Humongous sinkhole opens beneath Kentucky's National Corvette Museum

A huge sinkhole beneath National Corvette Museum in Kentucky swallowed eight Corvettes. Kentucky's karst landscape makes the region susceptible to sinkholes, say scientists.

National Corvette Museum
A giant sinkhole sized about 40 feet across and 25-30 feet deep within the Skydome area of the National Corvette Museum in Kentucky ate up eight Corvettes.

A devastating natural phenomenon has reared its ugly head once again, this time swallowing eight iconic American cars.

A giant sinkhole – estimated to be 40 feet across and 25 to 30 feet deep – collapsed below the Skydome area of Kentucky's National Corvette Museum, gulping eight Corvettes.

"We received a call at 5:44 am from our security company alerting us of our motion detectors going off in our Skydome area of the Museum," the museum noted in a press release. "Upon arrival it was discovered that a sinkhole had collapsed within the Museum. No one was in or around the Museum at the time. The Bowling Green Fire Department arrived on the scene and secured the area."

Out of the eight cars, six were owned by the National Corvette Museum. The officials do not have an exact cost of the damage, but it is quite substantial, Bob Bubnis, communications coordinator at the Museum told the Monitor.

But what caused the portion of the ground to just cave-in?

Kentucky is prone to sinkholes. About half the state sits atop carbonate bedrock, in which karst conditions can develop.

Karst is a type of topography scattered with sinkholes, sinking streams, caves, and springs, which mostly develops on limestone, "but can develop on several other types of rocks, such as dolostone (magnesium carbonate or the mineral dolomite), gypsum, and salt," according to the Kentucky Geological Survey. 

State Geologist Jim C. Cobb with KGS, which is part of the University of Kentucky, said that the region has seen a lot of Cover-Collapse sinkholes. These type of sinkholes are typically created when water erodes the underlying limestone bedrock beneath the ground. The more acidic the water, the faster the erosion. Rainwater, which tends to be acidic, dissolves the limestone and causes more erosion of the bedrock. Ice, snow and rainfall further aggravate the problem as they cause erosion of the soil on top of the bedrock layers.

According to KGS, "Dissolution sinkholes form over long periods of time, with occasional episodes of more rapid subsidence or collapse. It is the collapse of the loose cover over the bedrock or soil that causes the problem. Sometimes the collapse will occur in an area with no indication of previous subsidence."

When the soil cover can no longer support whatever it is on top of it, the ground beneath collapses.

The sinkhole in the museum is unique in that it happened inside the museum, where rain, snow or ice couldn't have caused erosion of at least the top layer of soil, Dr. Cobb says.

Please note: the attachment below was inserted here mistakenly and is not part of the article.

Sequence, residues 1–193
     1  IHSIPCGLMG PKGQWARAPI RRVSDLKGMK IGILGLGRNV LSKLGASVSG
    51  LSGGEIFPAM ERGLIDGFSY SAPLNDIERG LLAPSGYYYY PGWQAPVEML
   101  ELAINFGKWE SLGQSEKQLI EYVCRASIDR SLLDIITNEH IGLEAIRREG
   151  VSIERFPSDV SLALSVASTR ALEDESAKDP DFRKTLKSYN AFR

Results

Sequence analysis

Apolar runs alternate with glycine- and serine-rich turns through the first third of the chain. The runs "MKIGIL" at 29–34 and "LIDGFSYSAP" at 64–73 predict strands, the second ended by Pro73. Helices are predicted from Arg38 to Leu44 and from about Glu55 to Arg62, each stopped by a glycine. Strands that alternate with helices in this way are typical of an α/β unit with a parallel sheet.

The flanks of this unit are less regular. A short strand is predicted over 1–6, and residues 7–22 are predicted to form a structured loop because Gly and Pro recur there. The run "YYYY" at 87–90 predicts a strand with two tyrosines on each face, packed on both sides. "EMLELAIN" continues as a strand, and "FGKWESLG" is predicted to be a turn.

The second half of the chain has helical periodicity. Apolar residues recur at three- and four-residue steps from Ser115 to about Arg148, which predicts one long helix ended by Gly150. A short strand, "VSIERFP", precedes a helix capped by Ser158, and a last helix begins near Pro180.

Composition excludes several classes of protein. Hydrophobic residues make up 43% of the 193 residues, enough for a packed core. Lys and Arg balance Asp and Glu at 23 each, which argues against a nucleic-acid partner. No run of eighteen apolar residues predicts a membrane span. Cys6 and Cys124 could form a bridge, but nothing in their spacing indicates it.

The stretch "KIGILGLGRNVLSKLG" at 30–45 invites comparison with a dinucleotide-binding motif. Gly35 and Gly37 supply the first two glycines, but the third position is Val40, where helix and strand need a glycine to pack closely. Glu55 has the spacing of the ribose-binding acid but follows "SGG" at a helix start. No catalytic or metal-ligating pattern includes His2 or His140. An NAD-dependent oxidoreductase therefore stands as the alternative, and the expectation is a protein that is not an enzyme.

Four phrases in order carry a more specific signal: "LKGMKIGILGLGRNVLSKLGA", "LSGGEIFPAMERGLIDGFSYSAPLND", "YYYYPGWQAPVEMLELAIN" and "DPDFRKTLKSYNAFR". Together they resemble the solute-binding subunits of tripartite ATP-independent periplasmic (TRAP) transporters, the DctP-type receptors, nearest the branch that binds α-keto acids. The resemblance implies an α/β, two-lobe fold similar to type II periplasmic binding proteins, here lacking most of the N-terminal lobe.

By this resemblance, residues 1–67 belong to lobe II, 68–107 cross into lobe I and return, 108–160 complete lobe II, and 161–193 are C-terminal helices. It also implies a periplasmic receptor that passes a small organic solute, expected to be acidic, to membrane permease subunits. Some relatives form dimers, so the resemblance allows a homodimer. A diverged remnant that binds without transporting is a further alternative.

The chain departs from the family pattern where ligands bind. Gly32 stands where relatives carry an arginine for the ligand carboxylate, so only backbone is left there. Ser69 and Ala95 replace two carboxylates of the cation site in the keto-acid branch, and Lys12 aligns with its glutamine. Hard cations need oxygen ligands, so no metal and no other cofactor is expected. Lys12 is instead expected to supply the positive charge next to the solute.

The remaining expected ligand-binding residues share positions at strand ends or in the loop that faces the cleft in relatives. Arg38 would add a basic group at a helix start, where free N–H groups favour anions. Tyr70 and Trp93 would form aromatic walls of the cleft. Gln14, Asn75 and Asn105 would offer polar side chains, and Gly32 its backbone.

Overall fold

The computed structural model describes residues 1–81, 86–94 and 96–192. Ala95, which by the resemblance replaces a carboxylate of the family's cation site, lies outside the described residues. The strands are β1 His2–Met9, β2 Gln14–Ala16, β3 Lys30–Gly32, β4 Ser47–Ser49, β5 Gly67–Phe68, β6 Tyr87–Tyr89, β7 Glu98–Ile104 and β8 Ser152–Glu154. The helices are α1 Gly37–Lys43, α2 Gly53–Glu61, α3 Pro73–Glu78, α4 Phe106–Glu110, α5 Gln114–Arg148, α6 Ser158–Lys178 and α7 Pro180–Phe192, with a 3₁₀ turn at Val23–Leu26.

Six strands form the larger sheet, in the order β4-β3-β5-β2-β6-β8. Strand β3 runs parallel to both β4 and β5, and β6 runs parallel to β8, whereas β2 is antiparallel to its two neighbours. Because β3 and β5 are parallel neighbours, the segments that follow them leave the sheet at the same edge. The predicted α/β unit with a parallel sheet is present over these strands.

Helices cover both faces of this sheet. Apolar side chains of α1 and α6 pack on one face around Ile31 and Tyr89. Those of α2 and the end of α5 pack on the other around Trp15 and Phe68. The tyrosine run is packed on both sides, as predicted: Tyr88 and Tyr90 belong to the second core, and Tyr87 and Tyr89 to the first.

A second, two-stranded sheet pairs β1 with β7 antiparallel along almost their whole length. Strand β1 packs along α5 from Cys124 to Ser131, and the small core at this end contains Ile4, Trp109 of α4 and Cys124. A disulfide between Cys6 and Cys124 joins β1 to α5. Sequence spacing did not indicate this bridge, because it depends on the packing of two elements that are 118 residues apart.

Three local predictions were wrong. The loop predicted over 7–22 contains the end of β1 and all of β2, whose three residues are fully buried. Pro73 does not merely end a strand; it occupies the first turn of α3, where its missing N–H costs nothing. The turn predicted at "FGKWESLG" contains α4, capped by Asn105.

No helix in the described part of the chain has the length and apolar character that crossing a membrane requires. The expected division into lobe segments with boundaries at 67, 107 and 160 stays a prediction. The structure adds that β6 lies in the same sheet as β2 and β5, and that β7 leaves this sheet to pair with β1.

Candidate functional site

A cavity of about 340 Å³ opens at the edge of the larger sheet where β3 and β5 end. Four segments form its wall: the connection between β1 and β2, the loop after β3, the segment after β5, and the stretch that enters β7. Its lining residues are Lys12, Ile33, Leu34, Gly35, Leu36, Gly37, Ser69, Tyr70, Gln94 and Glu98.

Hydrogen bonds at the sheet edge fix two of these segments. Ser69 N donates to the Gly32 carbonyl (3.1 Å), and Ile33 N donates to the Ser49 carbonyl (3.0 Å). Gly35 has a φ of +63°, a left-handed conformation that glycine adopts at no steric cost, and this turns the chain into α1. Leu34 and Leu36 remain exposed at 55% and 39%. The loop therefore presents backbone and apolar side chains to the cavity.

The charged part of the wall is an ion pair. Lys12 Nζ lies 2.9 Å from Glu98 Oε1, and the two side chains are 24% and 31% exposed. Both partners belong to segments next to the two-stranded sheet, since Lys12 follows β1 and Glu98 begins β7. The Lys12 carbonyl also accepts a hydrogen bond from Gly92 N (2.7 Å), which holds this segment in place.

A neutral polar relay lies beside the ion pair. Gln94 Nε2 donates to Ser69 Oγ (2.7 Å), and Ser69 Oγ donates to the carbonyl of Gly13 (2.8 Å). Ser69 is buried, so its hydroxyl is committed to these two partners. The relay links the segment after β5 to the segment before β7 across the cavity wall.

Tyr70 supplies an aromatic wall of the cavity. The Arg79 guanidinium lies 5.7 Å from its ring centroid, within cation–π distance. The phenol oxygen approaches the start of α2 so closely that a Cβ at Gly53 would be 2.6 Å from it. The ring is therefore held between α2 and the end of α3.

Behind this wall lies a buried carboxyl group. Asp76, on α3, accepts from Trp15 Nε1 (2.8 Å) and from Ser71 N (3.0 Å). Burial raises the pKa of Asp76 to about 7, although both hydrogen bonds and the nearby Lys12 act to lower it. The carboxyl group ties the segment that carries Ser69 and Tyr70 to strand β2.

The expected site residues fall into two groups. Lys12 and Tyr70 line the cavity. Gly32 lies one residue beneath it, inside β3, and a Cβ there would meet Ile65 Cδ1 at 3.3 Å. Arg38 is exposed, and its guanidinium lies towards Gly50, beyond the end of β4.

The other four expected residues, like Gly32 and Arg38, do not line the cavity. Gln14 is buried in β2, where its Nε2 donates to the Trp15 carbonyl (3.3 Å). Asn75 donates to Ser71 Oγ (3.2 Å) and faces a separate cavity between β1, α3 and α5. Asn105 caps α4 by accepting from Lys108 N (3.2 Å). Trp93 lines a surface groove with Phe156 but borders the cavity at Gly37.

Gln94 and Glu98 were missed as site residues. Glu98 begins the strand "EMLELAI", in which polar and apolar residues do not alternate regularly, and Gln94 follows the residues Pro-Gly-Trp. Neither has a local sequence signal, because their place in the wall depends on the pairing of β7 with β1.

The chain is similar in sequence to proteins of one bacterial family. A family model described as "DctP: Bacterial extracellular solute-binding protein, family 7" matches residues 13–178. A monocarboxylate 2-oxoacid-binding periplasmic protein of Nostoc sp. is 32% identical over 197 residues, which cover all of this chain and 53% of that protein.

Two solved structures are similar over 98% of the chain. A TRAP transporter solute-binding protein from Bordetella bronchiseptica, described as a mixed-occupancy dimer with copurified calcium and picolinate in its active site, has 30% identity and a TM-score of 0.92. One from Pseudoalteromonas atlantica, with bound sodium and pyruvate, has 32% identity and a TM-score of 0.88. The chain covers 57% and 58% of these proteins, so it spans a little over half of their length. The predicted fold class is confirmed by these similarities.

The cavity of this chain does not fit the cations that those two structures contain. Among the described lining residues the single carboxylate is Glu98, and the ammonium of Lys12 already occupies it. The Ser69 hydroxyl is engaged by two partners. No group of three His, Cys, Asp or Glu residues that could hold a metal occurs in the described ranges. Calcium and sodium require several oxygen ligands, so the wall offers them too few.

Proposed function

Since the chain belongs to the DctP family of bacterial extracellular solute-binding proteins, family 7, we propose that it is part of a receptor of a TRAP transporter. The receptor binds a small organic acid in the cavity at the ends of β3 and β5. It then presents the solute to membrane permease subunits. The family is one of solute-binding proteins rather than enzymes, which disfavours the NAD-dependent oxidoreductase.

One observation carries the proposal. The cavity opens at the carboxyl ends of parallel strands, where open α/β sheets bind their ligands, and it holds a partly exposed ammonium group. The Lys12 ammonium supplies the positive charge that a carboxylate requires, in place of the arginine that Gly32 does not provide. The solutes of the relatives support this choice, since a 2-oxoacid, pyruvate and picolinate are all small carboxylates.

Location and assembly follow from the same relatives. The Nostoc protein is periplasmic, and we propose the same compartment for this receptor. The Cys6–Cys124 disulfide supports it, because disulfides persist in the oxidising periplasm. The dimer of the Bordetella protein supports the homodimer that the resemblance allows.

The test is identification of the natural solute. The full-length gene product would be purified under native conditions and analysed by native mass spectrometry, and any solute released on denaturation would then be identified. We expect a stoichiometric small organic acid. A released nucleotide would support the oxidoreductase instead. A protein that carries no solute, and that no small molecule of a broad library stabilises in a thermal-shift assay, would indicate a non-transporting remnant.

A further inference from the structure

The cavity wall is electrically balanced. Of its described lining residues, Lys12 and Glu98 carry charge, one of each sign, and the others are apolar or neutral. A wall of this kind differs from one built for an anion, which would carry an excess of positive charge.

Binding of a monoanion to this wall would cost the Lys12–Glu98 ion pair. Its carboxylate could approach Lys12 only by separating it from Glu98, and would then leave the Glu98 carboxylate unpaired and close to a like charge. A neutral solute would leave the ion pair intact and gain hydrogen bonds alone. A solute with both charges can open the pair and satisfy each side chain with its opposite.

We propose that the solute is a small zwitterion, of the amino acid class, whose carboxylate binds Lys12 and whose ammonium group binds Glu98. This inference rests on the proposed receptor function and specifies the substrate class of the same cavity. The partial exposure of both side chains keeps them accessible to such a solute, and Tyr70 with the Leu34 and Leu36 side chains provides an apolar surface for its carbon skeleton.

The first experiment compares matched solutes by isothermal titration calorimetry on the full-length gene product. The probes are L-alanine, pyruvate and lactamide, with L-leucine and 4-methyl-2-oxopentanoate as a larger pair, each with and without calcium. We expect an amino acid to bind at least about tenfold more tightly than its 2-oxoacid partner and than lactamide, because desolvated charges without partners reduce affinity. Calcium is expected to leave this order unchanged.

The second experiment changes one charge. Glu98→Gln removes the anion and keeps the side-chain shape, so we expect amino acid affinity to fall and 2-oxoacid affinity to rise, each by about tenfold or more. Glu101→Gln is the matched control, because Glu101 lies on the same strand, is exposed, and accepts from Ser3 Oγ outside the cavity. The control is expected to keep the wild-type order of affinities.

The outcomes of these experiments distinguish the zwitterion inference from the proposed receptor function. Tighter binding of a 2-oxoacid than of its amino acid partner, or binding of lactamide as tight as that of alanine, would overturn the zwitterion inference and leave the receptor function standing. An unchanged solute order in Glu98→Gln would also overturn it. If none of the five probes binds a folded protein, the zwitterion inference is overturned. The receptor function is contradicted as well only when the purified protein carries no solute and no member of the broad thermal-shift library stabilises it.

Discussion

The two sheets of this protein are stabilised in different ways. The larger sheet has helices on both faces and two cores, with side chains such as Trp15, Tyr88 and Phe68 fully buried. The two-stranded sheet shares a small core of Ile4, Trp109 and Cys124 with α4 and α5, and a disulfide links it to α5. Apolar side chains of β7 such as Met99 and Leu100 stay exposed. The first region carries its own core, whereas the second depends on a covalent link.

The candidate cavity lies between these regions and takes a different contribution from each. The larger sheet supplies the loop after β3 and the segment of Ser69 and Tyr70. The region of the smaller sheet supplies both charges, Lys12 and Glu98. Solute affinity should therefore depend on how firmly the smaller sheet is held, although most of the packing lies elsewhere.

In general, presence of an unexcavated "closed depression" and a site underlaid with limestone could indicate that a sinkhole is probably present within the region, says the KGS.

You've read  of  free articles. Subscribe to continue.

Dear Reader,

About a year ago, I happened upon this statement about the Monitor in the Harvard Business Review – under the charming heading of “do things that don’t interest you”:

“Many things that end up” being meaningful, writes social scientist Joseph Grenny, “have come from conference workshops, articles, or online videos that began as a chore and ended with an insight. My work in Kenya, for example, was heavily influenced by a Christian Science Monitor article I had forced myself to read 10 years earlier. Sometimes, we call things ‘boring’ simply because they lie outside the box we are currently in.”

If you were to come up with a punchline to a joke about the Monitor, that would probably be it. We’re seen as being global, fair, insightful, and perhaps a bit too earnest. We’re the bran muffin of journalism.

But you know what? We change lives. And I’m going to argue that we change lives precisely because we force open that too-small box that most human beings think they live in.

The Monitor is a peculiar little publication that’s hard for the world to figure out. We’re run by a church, but we’re not only for church members and we’re not about converting people. We’re known as being fair even as the world becomes as polarized as at any time since the newspaper’s founding in 1908.

We have a mission beyond circulation, we want to bridge divides. We’re about kicking down the door of thought everywhere and saying, “You are bigger and more capable than you realize. And we can prove it.”

If you’re looking for bran muffin journalism, you can subscribe to the Monitor for $15. You’ll get the Monitor Weekly magazine, the Monitor Daily email, and unlimited access to CSMonitor.com.